Earlier this spring I totally scored at an estate sale and picked up several vintage wooden crates for $4.50 each. I couldn't wait to bring them home because I knew that they would make the perfect containers for a salad garden on my patio. My crates looked like they'd been sitting in a garage since the Eisenhower administration. So as soon as I got them home I scrubbed out their grimy interiors with a stiff wire brush and then rinsed them inside and out with a strong blast of water from the hose.
Most crates come with slatted bottoms that allow water to drain right through. Good drainage is critical for growing healthy plants, especially in a container. Soil is made up of small particles and air hangs out in the pockets between these particles. If a container lacks drainage holes, water infiltrates the pockets, squeezing out the air and drowning the plants' roots. Plants growing in waterlogged soil do not get enough oxygen and their roots begin to rot, which impacts their ability to take up water or nutrients. If your crate does not have a slatted bottom, take the time to drill drainage holes. Your plants will thank you.
Slatted bottoms may provide awesome drainage, but they also allow soil to fall through, so I lined the bottom of my crates with a piece of burlap to prevent that problem. I also filled my crates up with potting mix, which is lighter weight than garden soil and drains better in a containers. I have five crates and they are planted up with lettuce, a spicy salad green mix, and pea shoots. As summer progresses, I'm planning on filling them with basil, small round 'Parmex' carrots, and heat-tolerant lettuces like 'Nevada'. Even though the crates needed a little elbow grease before planting, they were way less expensive then new containers and they give our patio a lot of personality.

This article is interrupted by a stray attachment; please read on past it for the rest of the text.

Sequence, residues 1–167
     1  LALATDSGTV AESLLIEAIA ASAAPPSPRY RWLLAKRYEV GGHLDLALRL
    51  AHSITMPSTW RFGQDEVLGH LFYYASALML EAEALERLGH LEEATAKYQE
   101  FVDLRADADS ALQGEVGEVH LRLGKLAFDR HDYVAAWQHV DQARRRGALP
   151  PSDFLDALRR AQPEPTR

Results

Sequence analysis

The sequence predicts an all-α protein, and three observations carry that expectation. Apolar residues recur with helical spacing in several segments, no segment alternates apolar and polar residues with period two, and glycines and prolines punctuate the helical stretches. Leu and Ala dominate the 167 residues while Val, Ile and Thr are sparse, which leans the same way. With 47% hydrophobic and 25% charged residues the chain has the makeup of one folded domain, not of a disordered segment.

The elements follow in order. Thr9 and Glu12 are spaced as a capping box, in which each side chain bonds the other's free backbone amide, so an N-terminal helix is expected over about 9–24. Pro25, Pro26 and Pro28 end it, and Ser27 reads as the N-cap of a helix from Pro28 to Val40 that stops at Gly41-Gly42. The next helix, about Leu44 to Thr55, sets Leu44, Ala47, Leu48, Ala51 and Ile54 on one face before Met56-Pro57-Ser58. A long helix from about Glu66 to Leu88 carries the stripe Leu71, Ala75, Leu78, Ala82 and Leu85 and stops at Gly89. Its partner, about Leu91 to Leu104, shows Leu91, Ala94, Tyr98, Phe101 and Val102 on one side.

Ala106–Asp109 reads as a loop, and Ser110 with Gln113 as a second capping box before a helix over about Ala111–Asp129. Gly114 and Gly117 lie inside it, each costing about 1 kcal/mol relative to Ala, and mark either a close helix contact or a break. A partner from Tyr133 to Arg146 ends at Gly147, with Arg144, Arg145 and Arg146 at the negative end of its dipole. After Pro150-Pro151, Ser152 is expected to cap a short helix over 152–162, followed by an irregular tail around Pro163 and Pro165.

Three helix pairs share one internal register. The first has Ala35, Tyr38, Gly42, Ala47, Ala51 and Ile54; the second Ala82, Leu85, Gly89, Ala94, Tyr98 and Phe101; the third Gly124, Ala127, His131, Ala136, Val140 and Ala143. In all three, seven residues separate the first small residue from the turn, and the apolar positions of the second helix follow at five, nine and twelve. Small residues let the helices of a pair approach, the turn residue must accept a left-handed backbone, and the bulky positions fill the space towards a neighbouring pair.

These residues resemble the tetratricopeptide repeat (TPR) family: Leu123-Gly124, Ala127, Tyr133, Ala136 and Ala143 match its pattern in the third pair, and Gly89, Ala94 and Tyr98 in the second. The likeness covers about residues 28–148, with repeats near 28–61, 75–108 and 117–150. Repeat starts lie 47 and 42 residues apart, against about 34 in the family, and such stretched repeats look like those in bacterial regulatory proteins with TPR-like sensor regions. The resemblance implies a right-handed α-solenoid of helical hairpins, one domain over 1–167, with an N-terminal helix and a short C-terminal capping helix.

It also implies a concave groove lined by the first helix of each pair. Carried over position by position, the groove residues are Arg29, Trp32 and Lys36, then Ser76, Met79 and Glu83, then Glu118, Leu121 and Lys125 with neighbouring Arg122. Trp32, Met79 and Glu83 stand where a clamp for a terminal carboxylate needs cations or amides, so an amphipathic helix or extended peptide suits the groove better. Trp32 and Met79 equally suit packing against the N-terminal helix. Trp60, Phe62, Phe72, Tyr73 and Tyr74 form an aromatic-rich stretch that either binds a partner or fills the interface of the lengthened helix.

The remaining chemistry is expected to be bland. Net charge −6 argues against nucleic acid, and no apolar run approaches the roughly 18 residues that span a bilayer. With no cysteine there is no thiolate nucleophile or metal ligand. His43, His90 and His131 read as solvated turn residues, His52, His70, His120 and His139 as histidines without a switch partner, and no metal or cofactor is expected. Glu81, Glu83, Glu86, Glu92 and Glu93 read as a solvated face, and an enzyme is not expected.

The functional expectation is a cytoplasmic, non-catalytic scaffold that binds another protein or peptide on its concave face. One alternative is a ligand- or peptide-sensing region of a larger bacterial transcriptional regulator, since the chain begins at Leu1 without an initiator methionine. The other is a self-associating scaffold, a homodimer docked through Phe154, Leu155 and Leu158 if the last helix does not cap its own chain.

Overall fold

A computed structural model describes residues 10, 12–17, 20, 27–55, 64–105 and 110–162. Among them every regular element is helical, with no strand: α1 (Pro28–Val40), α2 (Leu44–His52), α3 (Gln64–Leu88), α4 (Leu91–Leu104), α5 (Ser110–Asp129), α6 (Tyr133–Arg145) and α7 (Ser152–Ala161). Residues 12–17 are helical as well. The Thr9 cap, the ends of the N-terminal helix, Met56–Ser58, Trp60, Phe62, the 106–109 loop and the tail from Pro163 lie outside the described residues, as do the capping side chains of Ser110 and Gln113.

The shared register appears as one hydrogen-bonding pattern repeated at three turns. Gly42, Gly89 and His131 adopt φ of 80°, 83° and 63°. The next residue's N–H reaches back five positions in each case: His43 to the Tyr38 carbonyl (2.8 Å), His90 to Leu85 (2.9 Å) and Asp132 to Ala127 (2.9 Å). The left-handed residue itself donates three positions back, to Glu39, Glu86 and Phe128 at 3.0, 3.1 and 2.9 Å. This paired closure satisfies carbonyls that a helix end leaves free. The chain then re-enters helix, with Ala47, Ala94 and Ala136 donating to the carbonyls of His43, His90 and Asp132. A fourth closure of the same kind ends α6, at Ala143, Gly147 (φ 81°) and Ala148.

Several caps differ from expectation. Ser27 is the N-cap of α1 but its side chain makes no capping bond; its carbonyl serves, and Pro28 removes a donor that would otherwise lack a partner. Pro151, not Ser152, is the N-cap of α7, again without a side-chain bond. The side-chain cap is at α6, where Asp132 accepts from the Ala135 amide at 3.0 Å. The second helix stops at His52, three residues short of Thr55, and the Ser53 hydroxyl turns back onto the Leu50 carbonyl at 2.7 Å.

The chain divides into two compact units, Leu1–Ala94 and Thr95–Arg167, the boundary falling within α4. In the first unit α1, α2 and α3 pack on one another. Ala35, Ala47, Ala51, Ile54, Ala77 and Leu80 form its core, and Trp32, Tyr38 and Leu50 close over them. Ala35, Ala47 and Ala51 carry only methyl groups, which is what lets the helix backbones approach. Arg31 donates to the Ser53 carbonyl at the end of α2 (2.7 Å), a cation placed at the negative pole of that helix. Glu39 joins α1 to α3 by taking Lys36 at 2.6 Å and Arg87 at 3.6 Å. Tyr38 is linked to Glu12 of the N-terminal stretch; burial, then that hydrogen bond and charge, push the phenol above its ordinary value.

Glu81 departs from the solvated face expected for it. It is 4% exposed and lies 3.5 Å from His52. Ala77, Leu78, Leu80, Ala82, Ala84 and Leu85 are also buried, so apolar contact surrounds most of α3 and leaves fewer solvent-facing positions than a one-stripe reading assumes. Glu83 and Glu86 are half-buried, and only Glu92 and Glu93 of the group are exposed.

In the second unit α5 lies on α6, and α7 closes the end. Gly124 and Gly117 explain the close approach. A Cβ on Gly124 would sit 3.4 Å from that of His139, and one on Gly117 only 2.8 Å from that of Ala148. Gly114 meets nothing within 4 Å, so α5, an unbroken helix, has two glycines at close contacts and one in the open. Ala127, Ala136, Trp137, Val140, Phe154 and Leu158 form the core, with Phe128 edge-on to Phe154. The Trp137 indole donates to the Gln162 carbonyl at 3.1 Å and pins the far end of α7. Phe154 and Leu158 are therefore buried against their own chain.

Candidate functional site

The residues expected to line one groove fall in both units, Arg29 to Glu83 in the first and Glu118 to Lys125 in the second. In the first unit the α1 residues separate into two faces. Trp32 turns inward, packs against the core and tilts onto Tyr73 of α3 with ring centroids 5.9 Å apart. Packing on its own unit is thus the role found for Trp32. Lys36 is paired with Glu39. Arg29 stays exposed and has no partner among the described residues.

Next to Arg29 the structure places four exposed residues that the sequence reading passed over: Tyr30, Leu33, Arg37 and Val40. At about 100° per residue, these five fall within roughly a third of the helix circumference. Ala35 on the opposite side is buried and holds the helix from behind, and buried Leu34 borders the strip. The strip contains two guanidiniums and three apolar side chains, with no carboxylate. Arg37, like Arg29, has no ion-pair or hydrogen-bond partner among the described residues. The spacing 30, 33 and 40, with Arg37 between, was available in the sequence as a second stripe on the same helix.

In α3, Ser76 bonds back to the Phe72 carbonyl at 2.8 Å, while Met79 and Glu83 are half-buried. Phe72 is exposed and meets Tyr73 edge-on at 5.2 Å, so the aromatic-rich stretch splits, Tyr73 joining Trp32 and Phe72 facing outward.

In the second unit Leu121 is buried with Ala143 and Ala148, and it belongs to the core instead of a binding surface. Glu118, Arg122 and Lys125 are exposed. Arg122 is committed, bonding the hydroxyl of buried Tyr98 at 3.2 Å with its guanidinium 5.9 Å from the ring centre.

Willi Galloway writes The Gardener column. She lives in Portland, Oregon and writes about her kitchen garden on her blog DigginFood. Her first book Grow. Cook. Eat. A Food-Lovers Guide To Kitchen Gardening will be published in January 2012.
(Images: All images by Willi Galloway)